UC Hastings has long been known for its strong support of students who wish to pursue careers in public interest and social justice law.
The school has had a Social Justice Lawyering Concentration since 2007. Each year, the college graduates law students who go on to work in public service agencies and public interest organizations around the country.
Those students frequently get their start at unpaid summer positions, beginning after their first year of study. Each year, the UC Hastings Public Interest Foundation (HPILF) raises funds for stipends to make this work and vital job experience possible.
This year, HPILF raised more than $70,000, which will fund $4,000 stipends for 22 students. Yet more than 82 students applied for summer grants this year.
Jessie Cassella, co-president of HPILF, said the group was only able to provide 13 grants last year. “Our auction was really successful this year, and we’ve been fortunate to receive additional donations from students, alumni, and faculty.
“As I read through these applications, I was struck by how each person deserved a grant. If I could fund each of them myself, I would!” Cassella said.
Grant recipients consistently report the summer work launched their careers. “The HPILF grant leveled the playing field so I was able to choose what I wanted to do based on my passion and commitment to serving low-income communities, and not based on financial need,” said 3L Nancy Li, who received a 2013 HPILF grant for her summer work at the Sacramento County Public Defender’s Office.
For 2L Sonya Rahders, the grant means she can continue working for gender equality and reproductive justice. Rahders has a BA in Sociology with a minor in Women’s Studies from UCLA, and is the incoming Editor-in-Chief of the Hastings Women’s Law Journal. She has also served as president of UC Hastings Law Students for Reproductive Justice, and as co-director of development for HPILF. She is completing course work for the Social Justice Lawyering Concentration.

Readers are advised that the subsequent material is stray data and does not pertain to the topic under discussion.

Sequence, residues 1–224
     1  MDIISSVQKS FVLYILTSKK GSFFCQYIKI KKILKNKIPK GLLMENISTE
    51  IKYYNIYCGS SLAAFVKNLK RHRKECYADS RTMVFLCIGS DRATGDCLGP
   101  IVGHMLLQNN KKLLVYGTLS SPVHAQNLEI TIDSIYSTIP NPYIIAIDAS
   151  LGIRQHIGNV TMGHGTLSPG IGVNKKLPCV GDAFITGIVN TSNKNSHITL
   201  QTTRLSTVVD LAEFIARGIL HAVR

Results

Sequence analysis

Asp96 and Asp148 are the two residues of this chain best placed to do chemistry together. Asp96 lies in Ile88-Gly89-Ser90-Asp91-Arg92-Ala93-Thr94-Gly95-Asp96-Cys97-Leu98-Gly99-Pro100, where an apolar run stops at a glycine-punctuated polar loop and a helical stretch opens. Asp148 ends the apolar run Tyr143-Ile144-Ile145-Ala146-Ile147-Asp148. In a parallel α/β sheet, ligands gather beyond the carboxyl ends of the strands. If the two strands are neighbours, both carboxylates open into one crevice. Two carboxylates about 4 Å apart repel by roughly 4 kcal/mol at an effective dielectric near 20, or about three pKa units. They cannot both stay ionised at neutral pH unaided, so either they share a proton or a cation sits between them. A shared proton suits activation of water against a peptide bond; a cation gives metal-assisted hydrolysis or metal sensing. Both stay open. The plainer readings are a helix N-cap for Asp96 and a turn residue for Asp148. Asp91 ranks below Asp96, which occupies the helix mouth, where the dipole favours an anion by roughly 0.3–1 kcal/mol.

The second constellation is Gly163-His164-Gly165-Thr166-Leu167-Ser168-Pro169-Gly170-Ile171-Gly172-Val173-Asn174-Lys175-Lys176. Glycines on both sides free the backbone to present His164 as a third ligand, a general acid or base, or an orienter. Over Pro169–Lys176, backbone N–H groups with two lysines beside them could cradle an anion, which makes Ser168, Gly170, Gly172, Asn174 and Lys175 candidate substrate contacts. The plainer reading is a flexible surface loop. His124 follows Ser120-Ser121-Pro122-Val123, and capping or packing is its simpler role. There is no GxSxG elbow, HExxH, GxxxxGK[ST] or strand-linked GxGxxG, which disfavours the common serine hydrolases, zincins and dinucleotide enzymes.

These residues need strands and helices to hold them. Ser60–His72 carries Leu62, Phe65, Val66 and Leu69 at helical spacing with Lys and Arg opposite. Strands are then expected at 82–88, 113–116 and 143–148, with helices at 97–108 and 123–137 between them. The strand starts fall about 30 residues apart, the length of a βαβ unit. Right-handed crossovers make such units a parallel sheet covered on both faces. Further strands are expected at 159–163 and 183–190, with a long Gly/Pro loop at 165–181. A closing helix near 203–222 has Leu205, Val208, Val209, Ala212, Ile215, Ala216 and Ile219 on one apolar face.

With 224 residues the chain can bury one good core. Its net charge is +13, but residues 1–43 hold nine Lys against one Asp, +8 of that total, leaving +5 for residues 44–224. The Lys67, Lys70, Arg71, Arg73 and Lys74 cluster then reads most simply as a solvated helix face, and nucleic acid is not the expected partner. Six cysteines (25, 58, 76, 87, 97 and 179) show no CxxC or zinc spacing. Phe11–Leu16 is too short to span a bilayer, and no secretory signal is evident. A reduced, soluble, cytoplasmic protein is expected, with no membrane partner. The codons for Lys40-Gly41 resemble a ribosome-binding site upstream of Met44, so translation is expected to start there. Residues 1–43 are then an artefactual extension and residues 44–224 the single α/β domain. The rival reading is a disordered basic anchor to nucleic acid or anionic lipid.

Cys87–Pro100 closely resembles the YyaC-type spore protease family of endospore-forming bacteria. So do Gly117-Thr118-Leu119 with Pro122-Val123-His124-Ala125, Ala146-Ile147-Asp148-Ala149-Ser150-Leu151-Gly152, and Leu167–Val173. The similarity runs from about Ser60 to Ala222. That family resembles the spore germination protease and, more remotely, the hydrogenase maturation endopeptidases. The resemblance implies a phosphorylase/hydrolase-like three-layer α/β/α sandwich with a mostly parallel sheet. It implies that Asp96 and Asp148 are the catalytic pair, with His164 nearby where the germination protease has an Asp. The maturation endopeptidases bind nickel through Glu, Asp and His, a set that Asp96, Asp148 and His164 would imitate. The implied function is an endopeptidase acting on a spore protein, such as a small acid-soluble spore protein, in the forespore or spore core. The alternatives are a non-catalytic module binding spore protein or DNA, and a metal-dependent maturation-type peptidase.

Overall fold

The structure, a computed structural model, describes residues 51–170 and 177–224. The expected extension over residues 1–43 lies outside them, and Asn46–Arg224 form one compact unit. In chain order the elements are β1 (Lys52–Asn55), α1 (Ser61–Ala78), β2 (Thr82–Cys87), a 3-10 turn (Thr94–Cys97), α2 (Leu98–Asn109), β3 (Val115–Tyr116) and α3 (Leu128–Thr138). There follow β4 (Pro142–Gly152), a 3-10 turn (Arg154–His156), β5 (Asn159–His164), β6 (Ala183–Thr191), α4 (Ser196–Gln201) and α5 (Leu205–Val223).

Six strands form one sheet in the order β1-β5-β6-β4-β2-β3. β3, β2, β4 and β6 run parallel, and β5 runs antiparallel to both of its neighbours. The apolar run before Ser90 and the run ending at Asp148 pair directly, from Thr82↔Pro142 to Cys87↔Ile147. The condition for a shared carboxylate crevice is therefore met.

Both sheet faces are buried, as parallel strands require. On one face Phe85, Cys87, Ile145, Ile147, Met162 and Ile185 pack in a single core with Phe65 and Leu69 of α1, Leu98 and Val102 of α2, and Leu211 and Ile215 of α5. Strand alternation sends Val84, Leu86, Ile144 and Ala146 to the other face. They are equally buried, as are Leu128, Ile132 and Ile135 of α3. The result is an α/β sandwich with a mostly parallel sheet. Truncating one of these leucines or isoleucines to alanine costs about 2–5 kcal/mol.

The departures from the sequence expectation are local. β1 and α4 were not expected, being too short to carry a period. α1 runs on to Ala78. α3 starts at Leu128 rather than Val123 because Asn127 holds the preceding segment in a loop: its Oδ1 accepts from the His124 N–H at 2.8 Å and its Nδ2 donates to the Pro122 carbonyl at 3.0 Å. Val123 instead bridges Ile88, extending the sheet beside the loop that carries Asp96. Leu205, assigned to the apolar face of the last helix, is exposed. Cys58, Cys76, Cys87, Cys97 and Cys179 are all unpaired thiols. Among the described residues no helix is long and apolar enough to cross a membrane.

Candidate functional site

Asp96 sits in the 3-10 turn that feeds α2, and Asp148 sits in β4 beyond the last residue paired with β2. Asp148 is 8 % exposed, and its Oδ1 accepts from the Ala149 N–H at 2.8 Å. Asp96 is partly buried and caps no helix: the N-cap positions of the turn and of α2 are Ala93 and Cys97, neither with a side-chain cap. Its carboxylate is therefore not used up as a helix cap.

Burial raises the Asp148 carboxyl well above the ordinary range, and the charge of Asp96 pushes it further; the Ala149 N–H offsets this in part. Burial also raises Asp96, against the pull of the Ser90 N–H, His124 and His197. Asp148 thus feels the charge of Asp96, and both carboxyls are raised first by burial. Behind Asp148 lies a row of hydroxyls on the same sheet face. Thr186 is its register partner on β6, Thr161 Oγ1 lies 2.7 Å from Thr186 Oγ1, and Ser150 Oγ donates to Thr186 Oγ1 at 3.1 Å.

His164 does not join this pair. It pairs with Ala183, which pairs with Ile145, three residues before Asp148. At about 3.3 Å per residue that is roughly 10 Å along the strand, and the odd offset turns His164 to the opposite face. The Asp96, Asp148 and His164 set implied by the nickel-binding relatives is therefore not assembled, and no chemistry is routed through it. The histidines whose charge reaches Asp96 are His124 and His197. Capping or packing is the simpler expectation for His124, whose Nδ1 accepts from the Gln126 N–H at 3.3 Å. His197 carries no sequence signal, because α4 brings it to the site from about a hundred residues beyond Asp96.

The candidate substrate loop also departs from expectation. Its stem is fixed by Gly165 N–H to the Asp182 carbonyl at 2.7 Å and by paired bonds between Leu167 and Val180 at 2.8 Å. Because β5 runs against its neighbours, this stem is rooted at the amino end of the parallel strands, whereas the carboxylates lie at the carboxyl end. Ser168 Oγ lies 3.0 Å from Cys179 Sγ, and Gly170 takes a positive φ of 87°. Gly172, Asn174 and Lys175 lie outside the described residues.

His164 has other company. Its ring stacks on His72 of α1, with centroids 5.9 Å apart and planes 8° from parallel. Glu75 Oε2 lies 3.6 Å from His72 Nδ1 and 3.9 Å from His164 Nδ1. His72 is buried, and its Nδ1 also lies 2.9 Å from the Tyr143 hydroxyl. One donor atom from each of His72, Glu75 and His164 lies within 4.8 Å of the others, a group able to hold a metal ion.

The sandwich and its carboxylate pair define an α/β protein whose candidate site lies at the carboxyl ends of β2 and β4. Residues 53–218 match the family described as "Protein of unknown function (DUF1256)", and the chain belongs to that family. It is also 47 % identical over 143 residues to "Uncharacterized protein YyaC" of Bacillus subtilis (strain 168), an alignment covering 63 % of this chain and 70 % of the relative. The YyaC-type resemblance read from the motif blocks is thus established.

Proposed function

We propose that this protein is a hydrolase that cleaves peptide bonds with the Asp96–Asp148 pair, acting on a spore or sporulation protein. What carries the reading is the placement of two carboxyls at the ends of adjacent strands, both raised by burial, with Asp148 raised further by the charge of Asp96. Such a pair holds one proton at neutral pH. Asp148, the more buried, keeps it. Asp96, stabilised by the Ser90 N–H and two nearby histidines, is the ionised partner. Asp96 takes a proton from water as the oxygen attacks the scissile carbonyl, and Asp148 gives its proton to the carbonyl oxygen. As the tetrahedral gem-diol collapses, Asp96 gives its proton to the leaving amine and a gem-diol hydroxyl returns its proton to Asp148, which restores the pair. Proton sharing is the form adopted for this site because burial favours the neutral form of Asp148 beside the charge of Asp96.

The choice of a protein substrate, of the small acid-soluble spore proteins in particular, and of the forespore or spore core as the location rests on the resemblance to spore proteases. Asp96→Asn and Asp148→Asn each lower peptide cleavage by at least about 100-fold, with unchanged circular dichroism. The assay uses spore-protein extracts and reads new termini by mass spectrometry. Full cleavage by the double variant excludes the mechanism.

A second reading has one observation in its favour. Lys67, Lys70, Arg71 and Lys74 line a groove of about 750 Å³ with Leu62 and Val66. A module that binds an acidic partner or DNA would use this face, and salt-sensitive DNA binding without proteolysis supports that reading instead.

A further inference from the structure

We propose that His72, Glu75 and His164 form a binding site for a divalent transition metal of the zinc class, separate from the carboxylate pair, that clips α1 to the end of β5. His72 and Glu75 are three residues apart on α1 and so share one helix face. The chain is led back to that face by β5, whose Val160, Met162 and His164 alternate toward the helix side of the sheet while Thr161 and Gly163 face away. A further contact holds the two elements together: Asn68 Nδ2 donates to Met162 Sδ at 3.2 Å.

This summer, she will be at the ACLU of Southern California’s Reproductive Justice, LGBT Rights and Gender Equity Project. When describing her motivation for public interest work, Sonya explained, “I came to Hastings because I believe that the law has tremendous power to effect social change, and I feel like I have a real responsibility to use my educational privilege to make that change happen. HPILF and the Social Justice Concentration provide invaluable resources and a strong community that have reminded me this work is not only necessary, it is actually possible.”
Students work at state and federal agencies and groups that serve the environment, the LGBTQ community, domestic violence survivors, children, immigrants, local tenants, the disabled, and others.
Agencies and placements include:
“HPILF is a student-run organization. HPILF’s work enables our students to gain meaningful legal experience and improve the lives of hundreds of Californians,” said Nancy Stuart, Associate Dean for Experiential Learning. “I’m happy to support their efforts to fund summer grants to make this work possible, and hope you will too!”
It’s not too late to fund one of the more than 60 students who did not receive a grant for their work this summer. To learn more how you can contribute, click here.